Amartya Sen has written a book titled Identity and Violence: The Illusion of Destiny where he writes about the concept of identity and how given and labelled identities result in misunderstanding, prejudice and even violence. The risk of identity labels is that it makes us into “us” and “The Other”, and stops us from recognizing the complex identities of humans and the ability to choose to find solutions on tasks we stand in front of.
Oscar Wilde (1854-1900) wrote in De Profundis (1897):
“Most people are other people. Their thoughts are someone else’s opinions, their lives a mimicry, their passions a quotation.” Oscar Wilde wrote De Profundis (From the Depths) from January to March 1897, when he was imprisoned in Reading Goal, to Lord Alfred Douglas, who received the letter on the same day as Wilde was released from prison, the 18th of May 1897.
watch Amartya Sen on Identity (2008):
A rag-rug in Swedish tradition, is a carpet you weave of old clothes and fabric from your own home. It is a way of re-using torn out clothes and telling the stories of the past.
The idea of this activity is that you work out examples from your life, showing from where you come, what has been important in your life – let us give you the example.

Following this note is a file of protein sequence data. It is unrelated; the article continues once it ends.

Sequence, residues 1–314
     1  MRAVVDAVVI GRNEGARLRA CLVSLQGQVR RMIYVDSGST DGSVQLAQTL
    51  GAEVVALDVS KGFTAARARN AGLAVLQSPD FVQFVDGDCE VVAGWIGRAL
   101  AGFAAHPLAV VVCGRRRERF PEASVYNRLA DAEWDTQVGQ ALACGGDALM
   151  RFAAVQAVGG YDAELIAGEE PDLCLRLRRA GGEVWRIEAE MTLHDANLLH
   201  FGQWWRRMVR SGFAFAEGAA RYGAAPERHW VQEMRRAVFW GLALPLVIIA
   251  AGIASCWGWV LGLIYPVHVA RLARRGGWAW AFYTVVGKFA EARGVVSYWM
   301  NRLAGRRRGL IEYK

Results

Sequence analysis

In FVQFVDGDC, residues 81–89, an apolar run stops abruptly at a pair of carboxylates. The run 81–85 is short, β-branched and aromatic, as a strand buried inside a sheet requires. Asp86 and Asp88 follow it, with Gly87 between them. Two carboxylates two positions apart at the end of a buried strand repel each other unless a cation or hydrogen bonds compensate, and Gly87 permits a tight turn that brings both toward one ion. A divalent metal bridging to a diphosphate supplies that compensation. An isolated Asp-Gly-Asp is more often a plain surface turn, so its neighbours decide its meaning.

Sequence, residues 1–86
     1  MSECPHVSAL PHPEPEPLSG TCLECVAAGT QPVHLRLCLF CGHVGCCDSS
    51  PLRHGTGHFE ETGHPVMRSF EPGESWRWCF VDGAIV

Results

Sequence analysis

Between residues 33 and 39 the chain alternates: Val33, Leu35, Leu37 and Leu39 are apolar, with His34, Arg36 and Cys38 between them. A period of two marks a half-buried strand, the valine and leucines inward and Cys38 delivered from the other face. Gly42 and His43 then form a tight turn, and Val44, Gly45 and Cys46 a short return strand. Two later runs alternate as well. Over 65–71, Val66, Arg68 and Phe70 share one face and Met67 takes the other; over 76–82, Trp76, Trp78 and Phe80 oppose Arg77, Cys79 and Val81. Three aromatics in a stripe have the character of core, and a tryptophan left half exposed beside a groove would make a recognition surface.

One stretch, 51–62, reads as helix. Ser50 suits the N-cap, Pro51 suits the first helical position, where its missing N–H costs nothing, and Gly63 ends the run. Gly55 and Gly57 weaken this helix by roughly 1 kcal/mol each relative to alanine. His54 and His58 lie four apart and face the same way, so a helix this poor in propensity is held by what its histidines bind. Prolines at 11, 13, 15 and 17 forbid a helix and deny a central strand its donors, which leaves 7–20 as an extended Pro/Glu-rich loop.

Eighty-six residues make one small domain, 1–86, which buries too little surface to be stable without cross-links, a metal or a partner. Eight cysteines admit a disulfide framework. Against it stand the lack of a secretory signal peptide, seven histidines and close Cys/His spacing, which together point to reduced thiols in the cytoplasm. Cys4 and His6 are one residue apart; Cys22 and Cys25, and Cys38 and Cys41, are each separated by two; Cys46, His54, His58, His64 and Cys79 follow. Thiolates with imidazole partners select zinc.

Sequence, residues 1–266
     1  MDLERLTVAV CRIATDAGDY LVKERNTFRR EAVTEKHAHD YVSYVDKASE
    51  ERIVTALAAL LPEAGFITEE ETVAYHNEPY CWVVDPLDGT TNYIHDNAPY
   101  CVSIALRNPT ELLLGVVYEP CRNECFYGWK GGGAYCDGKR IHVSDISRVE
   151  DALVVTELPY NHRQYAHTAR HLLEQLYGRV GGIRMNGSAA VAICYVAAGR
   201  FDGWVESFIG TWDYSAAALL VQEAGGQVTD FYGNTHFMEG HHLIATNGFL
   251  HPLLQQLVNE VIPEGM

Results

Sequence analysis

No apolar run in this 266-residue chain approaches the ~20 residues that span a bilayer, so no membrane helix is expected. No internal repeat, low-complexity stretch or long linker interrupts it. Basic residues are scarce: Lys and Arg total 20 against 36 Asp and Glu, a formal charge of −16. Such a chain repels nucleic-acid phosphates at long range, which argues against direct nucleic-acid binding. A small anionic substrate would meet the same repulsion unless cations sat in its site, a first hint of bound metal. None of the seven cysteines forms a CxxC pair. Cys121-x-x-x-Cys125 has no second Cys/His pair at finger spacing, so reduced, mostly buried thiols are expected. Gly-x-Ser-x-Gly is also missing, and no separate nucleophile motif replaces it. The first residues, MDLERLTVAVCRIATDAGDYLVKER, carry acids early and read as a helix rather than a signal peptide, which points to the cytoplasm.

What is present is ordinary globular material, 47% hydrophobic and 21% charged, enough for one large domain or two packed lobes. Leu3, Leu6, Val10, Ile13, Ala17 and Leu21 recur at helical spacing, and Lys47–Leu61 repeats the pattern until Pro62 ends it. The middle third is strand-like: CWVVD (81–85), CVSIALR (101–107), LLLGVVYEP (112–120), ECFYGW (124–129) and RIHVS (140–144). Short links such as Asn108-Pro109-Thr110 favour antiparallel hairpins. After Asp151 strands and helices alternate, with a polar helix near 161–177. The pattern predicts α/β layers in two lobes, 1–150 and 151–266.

The drawing below is of an imagined carpet, rag-rug. It is constructed by birth dates of three families. Each date is telling about the family members life and deeds. For instance 12-7-2013 is the grand mother of 18-9-1986 and she told her grand child about the mountains of the north, from where she came to the low land on the east coast. A big change for her.
12 - 7 - 1913
10 - 8 - 1915
3 - 6 - 1948
22 - 9 - 1951
24 - 5 - 1965
12 - 11 - 1989
18 - 9 - 1986
8 - 10 - 1951
8 - 11 - 2013
3 - 6 - 2007
Make your own rag-rug
The central idea of the activity is to work with the concept of identity and how this can be recognised.
How is our identity constructed?
The example above was taking down birthdays of family members.
You can choose for instance songs you like, from childhood and forward, places you have visited, people of importance you have met, books you have read, films you have seen, food you like and so on.
Rag-rugs tell our lives, repeatedly and differently.
Choose one topic and create your rag-rugs on paper or digitally below.
Present and talk about your rag-rugs in the group.